Van Halen‘s first new album with David Lee Roth on the mic in nearly 30 years arrives February 7 on Interscope, and the results are disarmingly good. A Different Kind Of Truth is a true return of the ’80s cock-rock overlords, a screaming triumph for the feathered-hair dreamers who held on through a cinematically epic series of lineup changes, band implosions and shifting tides of musical fashion. That old familiar feeling has returned, the unique flare of excitement that comes from a muscle car rhythm section led by a six-string wizard and a singing sexual megalodon with an ego that made Kanye look like a kid flaunting his new Spider-Man underoos – and the pipes to back up the strut.
Yes, Van Halen is back, and we’re not faced with a group of veterans simply trying to make sounds that their old selves would respect; A Different Kind of Truth is almost entirely culled from unpolished, unfinished and unreleased work the band had written in their heyday. Guitarist Eddie Van Halen has said several times over the years that he has over half a dozen albums’ worth of unreleased material in his archives from the band’s career, and former singer Sammy Hagar told Rolling Stone not long ago, “I heard this record is old outtakes from the old days. I mean, stuff from before I even joined the band. Because from what I heard, they aren’t working with new material. Ed and Dave didn’t actually write new songs.”
It’s an arguable copout, but a genius insulation nonetheless – pulling from a song sketchbook more than three decades old provides guidepoints to safeguard against the worn pathways of aging acts molesting their own legacy. Thankfully, these songs do not sound like old men putting on the smelly old spandex and combing over the strays. Fresh is the operative word here, a supremely confident swing for the fences in an understandable progression from the obsessively romanticized pre-Hagar era.
The choice of Tattoo as the lead single may have more to do with its peacocking pop factor than anything else, because despite being the opener it’s the low point for an otherwise fantastic album. Immediately, She’s The Woman taps into the ebullient ’80s spirit, a strong connection to a nostalgia-free strut and sexy, slick riffage – complete with a classic VH solo. A gem from the archives, the track appeared on a 1976 demo the band cut with Gene Simmons on production.
“I wanna be your knight in shining pickup truck,” Roth juts over a mean little chugging guitar line, and it’s all there – the grunts, the little wailing asides, the random background “Whooo!” and “Yeayaa!” accents peppered around Eddie’s volleying squeals. The rev-up to the chorus is short and, like pulling into neutral before slamming into the next gear. It doesn’t really matter that Dave’s not singing “swamp meat salad” in Tattoo – the song just doesn’t connect with the energy found here, the knockout drive that pulled us in so long ago. Woman‘s hot groove catches fire and spins out as Wolfgang (who holds his own plenty fine throughout) rises in the mix, punching along to the beat before Dad rips loose with a solo that races the frantic rhythm back into the final verse.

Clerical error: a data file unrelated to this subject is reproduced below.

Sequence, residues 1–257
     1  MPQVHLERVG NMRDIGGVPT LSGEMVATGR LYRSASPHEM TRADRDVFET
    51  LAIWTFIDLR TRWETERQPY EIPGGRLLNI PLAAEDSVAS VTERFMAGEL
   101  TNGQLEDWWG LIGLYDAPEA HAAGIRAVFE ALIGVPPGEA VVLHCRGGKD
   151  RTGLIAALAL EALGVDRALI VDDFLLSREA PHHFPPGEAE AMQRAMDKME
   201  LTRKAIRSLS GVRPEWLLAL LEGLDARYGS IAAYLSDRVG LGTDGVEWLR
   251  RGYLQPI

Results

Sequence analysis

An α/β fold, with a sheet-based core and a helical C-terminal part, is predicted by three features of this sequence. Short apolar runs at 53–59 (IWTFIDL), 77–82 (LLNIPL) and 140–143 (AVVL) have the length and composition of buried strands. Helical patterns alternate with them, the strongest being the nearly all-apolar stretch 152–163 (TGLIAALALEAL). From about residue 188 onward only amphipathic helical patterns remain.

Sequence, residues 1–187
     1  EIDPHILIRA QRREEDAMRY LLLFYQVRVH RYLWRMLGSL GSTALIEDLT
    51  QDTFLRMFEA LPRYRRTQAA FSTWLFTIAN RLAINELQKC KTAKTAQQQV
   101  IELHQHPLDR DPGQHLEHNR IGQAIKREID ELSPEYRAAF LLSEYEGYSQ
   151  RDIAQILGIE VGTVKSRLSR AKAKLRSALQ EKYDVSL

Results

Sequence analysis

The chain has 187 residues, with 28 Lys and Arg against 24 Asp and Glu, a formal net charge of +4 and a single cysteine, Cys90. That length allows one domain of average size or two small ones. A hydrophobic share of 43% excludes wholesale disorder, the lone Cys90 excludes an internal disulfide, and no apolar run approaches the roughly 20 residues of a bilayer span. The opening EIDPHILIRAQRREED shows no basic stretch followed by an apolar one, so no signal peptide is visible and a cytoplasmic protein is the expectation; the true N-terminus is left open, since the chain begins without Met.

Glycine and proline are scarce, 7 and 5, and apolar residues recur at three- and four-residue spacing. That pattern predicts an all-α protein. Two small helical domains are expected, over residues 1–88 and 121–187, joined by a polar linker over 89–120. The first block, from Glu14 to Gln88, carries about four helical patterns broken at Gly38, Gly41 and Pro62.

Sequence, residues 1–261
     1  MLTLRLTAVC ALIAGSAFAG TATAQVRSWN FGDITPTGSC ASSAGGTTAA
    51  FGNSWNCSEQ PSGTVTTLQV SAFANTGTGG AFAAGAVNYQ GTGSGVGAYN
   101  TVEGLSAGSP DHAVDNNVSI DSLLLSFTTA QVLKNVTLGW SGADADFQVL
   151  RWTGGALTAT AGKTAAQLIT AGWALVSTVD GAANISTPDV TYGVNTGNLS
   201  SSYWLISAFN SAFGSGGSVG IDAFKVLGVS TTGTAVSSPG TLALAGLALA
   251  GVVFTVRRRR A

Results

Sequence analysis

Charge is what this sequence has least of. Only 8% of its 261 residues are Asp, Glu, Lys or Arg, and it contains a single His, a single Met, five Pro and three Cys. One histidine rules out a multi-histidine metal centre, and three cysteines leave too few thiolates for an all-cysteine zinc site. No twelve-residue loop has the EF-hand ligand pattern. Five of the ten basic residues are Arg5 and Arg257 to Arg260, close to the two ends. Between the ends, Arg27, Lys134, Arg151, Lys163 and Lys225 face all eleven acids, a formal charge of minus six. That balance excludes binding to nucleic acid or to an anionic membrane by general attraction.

But You And Your Blues creeps up dangerously amid chopping guitar, Roth’s hushed finger-wagging giving way to an echo chorus, casting out the demons with a had-enough-of-you backhand. There’s a sick little changeup at the two-minute mark, a serpentine acceleration before another screaming solo. Truly, the six-string snobs will have their hands full here, as Eddie brings an airtight assault of fretwork that runs flush with the original glory days.
Van Halen’s legendary tapping channels Beethoven for just a flash to kick off a furiously sprinting China Town, and the neckbreaker’s not alone in its frantic pace or celebratory energy; the fast-funk Bullethead blasts through with enough intensity to make the two-and-a-half minutes pass like a heartbeat, while Eddie’s skittering riff carries us through the labyrinthian As Is with a tenacious confidence – we’re fully in the red, the speedometer’s buried, machine gun heartbeat adding internal percussion while fishtailing down the freeway at impossible speeds. But a Thorogood blues-lick breakdown elbows its way in through a vicious dime-stopping halt, Roth dropping into a smooth-talking Satan-bass tone for just a moment… then we’re off again at a spastic gallop, punctuated by bursts of choral screams.
Known for their dramatic opening flare, the band open several tracks with decorative introductions, often led by experimental stringwork. The back-alley acoustic groove of Stay Frosty explodes into a bar-brawl swagger jam (with Diamond Dave seemingly possessed by the spirit of Dr. Seuss), and the medieval harkening of the onset of Big River sparks a curiosity on what would come of further exploration down that path. A somber plucked intro to Blood and Fire turns into a rollerskating-down-the-boardwalk jam right out of 1984, flashing million dollar crocodile grins at the Aqua-Net queens popping gum and swooning.
“Told ya I was coming back,” Roth deadpans in the breakdown, and you can almost see his told-you-so smirk as the beast breaks through the clouds and into a brief clearing. Then it’s back down into the fray, Van Halen losing his shit in what’s arguably the album’s most exhilarating solo.
Anything less would’ve been eviscerated by all but the blind devoted, but A Different Kind of Truth will be remembered as evidence that a band can endure every cliche in the book and return, with the right focus, obsessed dedication and mojo, to a sweet spot of rejuvenation – one that holds the hand of nostalgia but doesn’t go for the full embrace, leaning instead, wisely, toward evolution.
Welcome back, boys.
Preorder A Different Kind of Truth on iTunes.
Reviews published prior to February 23, 2015 used a 1-5 star rating system.